Paint Schoodic

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Tuesday, April 23, 2013

Take off your clothes for fun and profit

A post-manifesto painting, and it ended up being my favorite of Michelle ever.

“There are pictures of nude women everywhere, and nobody seems to care,” my son-in-law once said of my home. He’s right. I’m passionate about the subject of subjugation, so there  are paintings of women leaning on every available space: women commodified, bent, begging, enslaved, wrapped in plastic, suspended, dancing, resting, exhausted… and then a few recent post-manifesto ones where I stopped thinking and caught something delicate, introspective and sweet.

For the vast majority of these paintings, my model has been Michelle Long. I want something more from my model than simple presence. “If the situation calls for it, I register some emotion, but by default I am being myself. I try to be neutral but not by wiping myself as a totally clean slate,” Michelle told me.

Why would anyone—especially a very smart and capable young woman—decide on a career of stripping off her clothing and sitting utterly still in front of others? While I was starting to work out my feminist manifesto, Michelle was (unbeknownst to me) on a parallel track. “When I was in my mid-twenties, I was thinking about how society has become so sexualized. My naked body had to be about sex. I wanted to take control of this by physically doing something about it. My life isn’t defined solely by my sexuality. It isn’t the whole of who I am.” But that, she says, is not relevant anymore; she’s worked it out.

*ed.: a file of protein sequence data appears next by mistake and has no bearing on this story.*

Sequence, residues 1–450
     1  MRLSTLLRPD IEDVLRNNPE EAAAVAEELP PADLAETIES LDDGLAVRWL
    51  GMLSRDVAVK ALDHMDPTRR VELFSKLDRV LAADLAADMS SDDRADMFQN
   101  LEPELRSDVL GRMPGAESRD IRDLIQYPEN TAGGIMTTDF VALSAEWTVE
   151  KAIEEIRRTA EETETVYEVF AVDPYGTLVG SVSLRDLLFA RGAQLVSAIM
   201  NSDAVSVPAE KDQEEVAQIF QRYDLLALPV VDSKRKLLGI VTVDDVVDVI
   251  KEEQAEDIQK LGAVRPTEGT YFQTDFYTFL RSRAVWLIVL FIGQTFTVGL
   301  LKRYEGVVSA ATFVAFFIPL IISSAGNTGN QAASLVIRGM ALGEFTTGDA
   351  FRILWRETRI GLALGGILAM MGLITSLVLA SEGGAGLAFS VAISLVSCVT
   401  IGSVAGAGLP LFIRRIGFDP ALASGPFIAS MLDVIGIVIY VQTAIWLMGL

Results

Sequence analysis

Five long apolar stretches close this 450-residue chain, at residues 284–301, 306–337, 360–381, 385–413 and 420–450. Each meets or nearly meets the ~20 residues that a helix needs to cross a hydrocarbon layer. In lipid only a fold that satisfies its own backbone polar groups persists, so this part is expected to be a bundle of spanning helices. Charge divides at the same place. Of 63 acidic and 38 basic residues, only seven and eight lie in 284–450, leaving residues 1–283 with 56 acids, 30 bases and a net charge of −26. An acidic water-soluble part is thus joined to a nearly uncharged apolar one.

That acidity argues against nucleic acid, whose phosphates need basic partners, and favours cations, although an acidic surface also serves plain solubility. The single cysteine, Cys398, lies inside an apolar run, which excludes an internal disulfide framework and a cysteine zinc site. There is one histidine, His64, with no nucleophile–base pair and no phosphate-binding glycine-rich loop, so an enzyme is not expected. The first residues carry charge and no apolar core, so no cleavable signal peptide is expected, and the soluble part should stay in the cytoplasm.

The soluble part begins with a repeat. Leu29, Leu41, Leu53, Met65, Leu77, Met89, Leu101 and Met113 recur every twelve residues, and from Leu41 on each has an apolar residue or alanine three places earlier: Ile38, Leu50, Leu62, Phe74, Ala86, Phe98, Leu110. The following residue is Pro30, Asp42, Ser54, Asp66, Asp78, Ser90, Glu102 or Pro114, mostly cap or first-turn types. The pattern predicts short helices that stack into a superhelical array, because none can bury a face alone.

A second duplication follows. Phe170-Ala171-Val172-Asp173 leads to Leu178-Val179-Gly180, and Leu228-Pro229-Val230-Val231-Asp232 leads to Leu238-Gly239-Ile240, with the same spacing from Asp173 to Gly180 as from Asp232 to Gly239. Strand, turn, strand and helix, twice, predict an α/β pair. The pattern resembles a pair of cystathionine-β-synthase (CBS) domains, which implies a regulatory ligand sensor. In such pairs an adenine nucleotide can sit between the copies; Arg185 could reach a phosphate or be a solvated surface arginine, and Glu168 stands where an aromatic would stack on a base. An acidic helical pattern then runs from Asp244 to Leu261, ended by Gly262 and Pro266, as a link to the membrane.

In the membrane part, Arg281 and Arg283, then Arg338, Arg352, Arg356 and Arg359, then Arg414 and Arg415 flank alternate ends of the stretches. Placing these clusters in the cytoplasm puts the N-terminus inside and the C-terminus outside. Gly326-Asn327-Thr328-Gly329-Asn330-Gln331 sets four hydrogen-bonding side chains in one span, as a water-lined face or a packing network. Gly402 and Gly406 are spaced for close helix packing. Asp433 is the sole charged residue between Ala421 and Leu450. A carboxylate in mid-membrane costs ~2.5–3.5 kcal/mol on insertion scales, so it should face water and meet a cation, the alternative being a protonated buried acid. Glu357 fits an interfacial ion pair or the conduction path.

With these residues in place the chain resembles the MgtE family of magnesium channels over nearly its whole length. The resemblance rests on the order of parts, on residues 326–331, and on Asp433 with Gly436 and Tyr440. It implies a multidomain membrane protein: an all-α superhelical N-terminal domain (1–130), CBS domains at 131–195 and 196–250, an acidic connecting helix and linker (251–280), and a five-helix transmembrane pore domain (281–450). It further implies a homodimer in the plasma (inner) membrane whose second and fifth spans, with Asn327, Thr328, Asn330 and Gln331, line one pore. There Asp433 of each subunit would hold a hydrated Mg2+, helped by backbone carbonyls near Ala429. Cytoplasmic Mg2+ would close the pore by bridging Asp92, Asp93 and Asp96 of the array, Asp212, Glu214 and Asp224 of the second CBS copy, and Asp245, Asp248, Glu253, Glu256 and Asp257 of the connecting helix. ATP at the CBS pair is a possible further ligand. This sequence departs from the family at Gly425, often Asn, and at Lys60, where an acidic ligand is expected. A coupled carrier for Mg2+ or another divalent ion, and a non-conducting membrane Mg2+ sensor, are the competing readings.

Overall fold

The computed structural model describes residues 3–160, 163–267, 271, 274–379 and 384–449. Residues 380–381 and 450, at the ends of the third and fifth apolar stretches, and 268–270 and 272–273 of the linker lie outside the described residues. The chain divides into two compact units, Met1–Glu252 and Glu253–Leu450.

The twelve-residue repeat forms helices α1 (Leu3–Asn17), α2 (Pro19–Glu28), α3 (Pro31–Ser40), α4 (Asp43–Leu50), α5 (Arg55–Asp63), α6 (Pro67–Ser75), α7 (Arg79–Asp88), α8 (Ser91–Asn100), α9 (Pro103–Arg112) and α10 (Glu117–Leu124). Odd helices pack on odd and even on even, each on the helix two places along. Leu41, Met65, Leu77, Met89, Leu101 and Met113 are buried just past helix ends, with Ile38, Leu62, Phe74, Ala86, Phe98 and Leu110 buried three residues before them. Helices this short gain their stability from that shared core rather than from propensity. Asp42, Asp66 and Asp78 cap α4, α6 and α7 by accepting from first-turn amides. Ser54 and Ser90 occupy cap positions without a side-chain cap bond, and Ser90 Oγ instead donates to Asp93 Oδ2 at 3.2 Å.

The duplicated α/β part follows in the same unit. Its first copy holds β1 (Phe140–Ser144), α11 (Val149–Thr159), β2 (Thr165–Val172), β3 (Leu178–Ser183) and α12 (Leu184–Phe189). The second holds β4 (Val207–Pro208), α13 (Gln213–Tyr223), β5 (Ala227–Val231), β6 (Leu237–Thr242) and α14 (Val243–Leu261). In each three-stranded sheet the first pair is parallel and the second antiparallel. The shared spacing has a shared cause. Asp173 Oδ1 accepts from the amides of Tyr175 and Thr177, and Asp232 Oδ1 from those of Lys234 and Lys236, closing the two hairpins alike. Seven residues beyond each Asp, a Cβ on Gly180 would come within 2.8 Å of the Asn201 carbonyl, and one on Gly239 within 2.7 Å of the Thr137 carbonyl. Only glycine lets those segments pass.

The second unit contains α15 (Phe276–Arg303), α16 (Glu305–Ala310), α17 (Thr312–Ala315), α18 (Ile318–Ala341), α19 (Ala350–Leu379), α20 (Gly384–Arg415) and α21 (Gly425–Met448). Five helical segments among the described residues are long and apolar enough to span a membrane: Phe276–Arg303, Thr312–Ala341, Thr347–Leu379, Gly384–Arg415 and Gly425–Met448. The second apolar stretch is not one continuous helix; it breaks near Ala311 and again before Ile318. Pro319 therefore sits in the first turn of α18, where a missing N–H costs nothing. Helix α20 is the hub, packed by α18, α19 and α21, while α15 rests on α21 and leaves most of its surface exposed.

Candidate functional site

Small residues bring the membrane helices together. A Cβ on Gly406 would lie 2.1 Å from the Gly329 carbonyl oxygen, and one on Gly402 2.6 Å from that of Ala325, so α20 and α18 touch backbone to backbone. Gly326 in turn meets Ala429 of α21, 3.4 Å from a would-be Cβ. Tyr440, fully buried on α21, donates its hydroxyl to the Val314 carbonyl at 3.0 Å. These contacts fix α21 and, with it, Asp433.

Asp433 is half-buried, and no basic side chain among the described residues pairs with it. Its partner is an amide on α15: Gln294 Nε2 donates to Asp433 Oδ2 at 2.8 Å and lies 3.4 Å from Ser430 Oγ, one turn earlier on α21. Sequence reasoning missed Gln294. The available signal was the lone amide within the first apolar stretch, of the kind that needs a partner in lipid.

Some days it's a ukulele, some days it's dancing. That's why it's called "a break."

Given a choice, Michelle prefers working one-on-one with professional artists, or in small groups. For her the most stressful situation is “when artists don’t treat me professionally, or don’t take themselves professionally.” She likes to be able to collaborate with artists, rather than present a tabula rasa on which artists record their own impressions.


The model's eye view.

That is probably a reflection of her keen and restless mind. She’s been a serious and dedicated swing dancer for 15 years and sings with Gregory Kunde Chorale. She manages two bands: Gorden Webster in New York and Roc City Stompers in Rochester. 

In her spare time, she loves listening to live music and playing Eurogames, whatever the heck they are. “They’re very social and there are multiple ways to win,” chimed in her partner, Tyler Gagnon. She’s learning to play the ukulele, and added, “I love drinking gin.”

Want to join us for figure painting? Contact me here. And I'd be hard-pressed to figure out how to include a figure model in this summer's Maine workshops, but if you're interested in joining us for a fantastic time in mid-Coast Maine, check here for more information.


2 comments:

SqUaNg said...

I find the subject of femininity to be something very different in NYC, especially after going to art school. The life style of art school is known to be very different from any other kinds of institutions. But the "real" world outside of art school is a social beast that is sectioned off. The "real" world so to speak tells you to stand your ground- and anything off about you either has to be removed or hidden. It's not about tidying up loose ends- but it is about ending. What holds a group could be culture- but it's not necessarily so. I was at a park event at church this weekend. Behavior and culture is a curious beast.

SqUaNg said...

That was just an observation- nothing more.